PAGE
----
The Hartford—a provider of 529 college savings plans—said its research found that grandparents might be open to hearing more about how 529 savings plans can help them save for their grandchildren’s education. Although many grandparents want to contribute financially to their grandchildren’s education, the majority (64%) are not currently saving anything.
Advisers can help coordinate between parents and grandparents to fund college education for their children and grandchildren, according to a release from The Hartford. As adults are struggling to find the funds for their children’s college education in this economy, most grandparents (65%) are willing to contribute. However, many grandparents have not discussed it with their adult children—it seems a lack of communications between the generations has stood in the way. Three-fifths of grandparents say their children could benefit with a discussion with a financial advisers about a college savings strategy.
“This statistic presents a wonderful opportunity for financial professionals to initiate the college savings conversation between their Boomer clients and the clients’ children,’ said Jeff Coghan, director of
529 programs at The Hartford, in the release. “Advisers can help their clients and potentially grow their business by tapping into the client base of the younger generation.’
Although all of The Hartford’s survey participants currently work with a financial adviser, only 33% have had a discussion with their adviser about college savings for their grandchildren. Feedback from those who have had a college savings conversation is positive: 76% said the discussion came at the right time; 88% said their adviser brought up tools and strategies for college savings; and 61% asked their adviser for more information about college savings options, according to The Hartford.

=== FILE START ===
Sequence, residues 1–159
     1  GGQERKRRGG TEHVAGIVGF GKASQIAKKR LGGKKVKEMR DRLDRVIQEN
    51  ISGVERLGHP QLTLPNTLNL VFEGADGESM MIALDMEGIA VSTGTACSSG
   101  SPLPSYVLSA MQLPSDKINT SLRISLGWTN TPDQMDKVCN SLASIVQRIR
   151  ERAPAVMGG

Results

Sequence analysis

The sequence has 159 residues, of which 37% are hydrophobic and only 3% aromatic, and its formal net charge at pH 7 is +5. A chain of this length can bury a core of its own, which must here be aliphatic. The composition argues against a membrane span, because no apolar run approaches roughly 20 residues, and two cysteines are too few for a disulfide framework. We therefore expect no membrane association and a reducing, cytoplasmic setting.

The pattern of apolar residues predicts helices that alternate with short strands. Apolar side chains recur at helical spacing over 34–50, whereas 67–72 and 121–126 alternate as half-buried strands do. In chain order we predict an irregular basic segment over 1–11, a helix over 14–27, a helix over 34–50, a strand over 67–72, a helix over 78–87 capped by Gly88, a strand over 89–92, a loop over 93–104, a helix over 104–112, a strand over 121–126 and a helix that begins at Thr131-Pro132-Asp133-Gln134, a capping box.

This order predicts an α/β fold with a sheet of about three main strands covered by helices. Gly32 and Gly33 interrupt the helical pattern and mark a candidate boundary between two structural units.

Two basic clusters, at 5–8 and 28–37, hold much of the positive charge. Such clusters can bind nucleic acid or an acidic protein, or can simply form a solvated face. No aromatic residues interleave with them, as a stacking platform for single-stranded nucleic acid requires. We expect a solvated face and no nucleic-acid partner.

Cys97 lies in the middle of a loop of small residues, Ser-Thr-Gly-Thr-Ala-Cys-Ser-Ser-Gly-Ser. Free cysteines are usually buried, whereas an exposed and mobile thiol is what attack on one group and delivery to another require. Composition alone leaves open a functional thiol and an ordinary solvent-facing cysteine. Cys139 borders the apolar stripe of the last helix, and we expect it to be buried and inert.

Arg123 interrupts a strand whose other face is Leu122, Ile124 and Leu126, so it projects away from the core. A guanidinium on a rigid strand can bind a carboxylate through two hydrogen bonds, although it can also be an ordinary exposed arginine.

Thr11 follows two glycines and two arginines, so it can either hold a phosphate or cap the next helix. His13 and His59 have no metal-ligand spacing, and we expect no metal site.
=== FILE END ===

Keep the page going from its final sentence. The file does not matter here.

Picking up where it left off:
Nearly half of The Hartford’s survey participants who do use a 529 college savings plan enrolled in the program at the advice of their own financial professional. Participants also enrolled because 529 plans make it easy to save (61%), offer tax benefits (40%), and allow them to maintain control over the investments (59%).
The Hartford’s third annual college savings survey was conducted online by Praxis Research Partners in July, surveying 607 grandparents who have at least one grandchild under the age of 15 and who work with a financial adviser.